Mar 26, 2008

Baby, it's cold outside...

I could not help but use the words from that Tom Jones/Catatonia song to open this post. Blog reader JOSH's been out riding and it was lovely, although it didn't go to plan...

I just did a 1200 mile ride to Memphis and a few surrounding places over the weekend when the weather looked really promising. The minute I left Atlanta though, it took a turn, so here's...

...Ten reasons why 1200 miles should never be completed in three sub-10 degree days.
  1. A negative windchill factor makes the 'thrill' of the isolated twisting back roads being remembered as 'chill'

  2. It's not longer the red nosed reindeer, people now call me the bluenose idiot

  3. Blue fingers linger... long, long after that 3 hour soak in the hot tub

  4. If you talk to the guy on the K1200 at the gas station, he thinks you're gonna steal his heated jacket, his bike with heated grips and leave him with the crappy mesh jacket you're wearing

  5. Purple skies can be seen in summer too

  6. Cold weather makes you think hot chocolate isn't all that hot, until your mouth tells you so

  7. Moving in the saddle to relieve your numb backside has the wind reaching places it ought not to

  8. So what if Elvis lived in Memphis Tennessee, he's dead and a few more hours out there would have see me on my way to meet the king

  9. 700 motorcycles in a museum in Birmingham, halfway to Memphis doesn't make it any warmer

  10. It's impossible to wipe a leaky nose at 90mph with a really snug lid and gloves on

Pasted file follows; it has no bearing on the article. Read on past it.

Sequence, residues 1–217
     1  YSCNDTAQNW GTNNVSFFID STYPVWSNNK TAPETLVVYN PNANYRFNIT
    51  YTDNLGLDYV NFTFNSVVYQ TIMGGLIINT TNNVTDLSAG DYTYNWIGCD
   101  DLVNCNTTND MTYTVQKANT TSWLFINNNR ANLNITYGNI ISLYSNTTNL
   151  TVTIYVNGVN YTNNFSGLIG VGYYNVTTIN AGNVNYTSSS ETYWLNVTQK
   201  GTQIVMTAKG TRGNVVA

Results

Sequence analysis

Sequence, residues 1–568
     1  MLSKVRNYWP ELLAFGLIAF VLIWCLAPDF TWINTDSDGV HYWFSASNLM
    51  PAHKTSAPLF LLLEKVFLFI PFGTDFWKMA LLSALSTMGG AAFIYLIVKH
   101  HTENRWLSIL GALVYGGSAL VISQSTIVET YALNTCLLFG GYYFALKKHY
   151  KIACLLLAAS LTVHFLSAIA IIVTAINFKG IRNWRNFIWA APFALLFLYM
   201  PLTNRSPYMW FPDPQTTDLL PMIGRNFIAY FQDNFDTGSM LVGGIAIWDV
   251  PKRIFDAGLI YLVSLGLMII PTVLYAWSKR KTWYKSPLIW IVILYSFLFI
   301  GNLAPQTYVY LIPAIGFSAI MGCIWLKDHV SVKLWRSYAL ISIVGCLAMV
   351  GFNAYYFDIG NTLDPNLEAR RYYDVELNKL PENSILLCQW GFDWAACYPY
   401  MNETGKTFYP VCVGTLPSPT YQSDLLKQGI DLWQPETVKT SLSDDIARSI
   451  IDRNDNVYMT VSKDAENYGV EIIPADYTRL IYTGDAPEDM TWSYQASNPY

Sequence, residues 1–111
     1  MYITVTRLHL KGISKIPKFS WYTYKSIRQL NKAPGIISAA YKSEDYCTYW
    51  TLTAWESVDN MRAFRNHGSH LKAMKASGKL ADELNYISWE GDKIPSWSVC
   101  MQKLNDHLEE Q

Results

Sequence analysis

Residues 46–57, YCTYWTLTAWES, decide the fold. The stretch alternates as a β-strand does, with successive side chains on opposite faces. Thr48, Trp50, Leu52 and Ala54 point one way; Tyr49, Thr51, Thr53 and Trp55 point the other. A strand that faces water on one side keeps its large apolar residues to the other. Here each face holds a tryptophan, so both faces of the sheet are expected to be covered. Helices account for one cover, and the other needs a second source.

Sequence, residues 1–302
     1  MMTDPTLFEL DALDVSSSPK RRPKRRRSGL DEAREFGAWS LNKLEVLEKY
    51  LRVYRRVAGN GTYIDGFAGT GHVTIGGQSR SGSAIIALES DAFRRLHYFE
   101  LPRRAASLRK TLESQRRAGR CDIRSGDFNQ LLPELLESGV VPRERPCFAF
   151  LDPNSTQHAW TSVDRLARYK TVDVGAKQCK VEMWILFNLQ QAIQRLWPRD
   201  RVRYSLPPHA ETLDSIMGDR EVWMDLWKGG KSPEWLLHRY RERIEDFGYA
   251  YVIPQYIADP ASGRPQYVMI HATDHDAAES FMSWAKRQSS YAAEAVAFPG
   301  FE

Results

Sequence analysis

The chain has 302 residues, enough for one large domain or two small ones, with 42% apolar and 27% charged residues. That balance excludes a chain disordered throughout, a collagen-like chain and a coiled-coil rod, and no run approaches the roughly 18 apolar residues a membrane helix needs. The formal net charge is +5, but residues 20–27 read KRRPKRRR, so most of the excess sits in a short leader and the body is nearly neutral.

The Top 10: rearset on braking:

Have seen all the posts at my blog on the subject of braking? Don't worry about it. Neither have I. No, wait, I must have... I wrote the lot. Anyhoo, browsing through the 800-odd posts, I came with the top 10 posts I've written that talk extensively about braking technique and practice.

Mar 25, 2008

Why make a silly mistake?

Okay, this is a bit of a rant, so bear with me.

I am more than a little surprised by this. In the recent past, I've had the pleasure of meeting three people who read this blog on a regular basis. One of them asked me a question about helmets which I posted here not so long ago. You know, the one about dropping a lid and 'denting' it.

Recently, I met this chap again for a drink at a lounge bar close to both our houses. The second member of the reader troika joined us there. Since Gentleman 2 turned up in an auto and that's how he went back, so how many drinks he had does not, in the least, concern me. What does concern me is that Gentleman Number 1, who lives ten minutes away, took the precaution of carrying the selfsame dented lid to the bar, and here's where it becomes a the equivalent of sand in a swimsuit... he rode back home when we were done bantering about bikes.

The third gentleman and I also met at a watering hole, and yes, we watered. I, again, was off the motorcycle for obvious reasons and cabbed it home. Gentleman 3 person rode home, wearing a helmet. And I must – I'm OCD remember – point out that this lid is the exactly the sort of item that we like to laugh at – an imitation hard hat.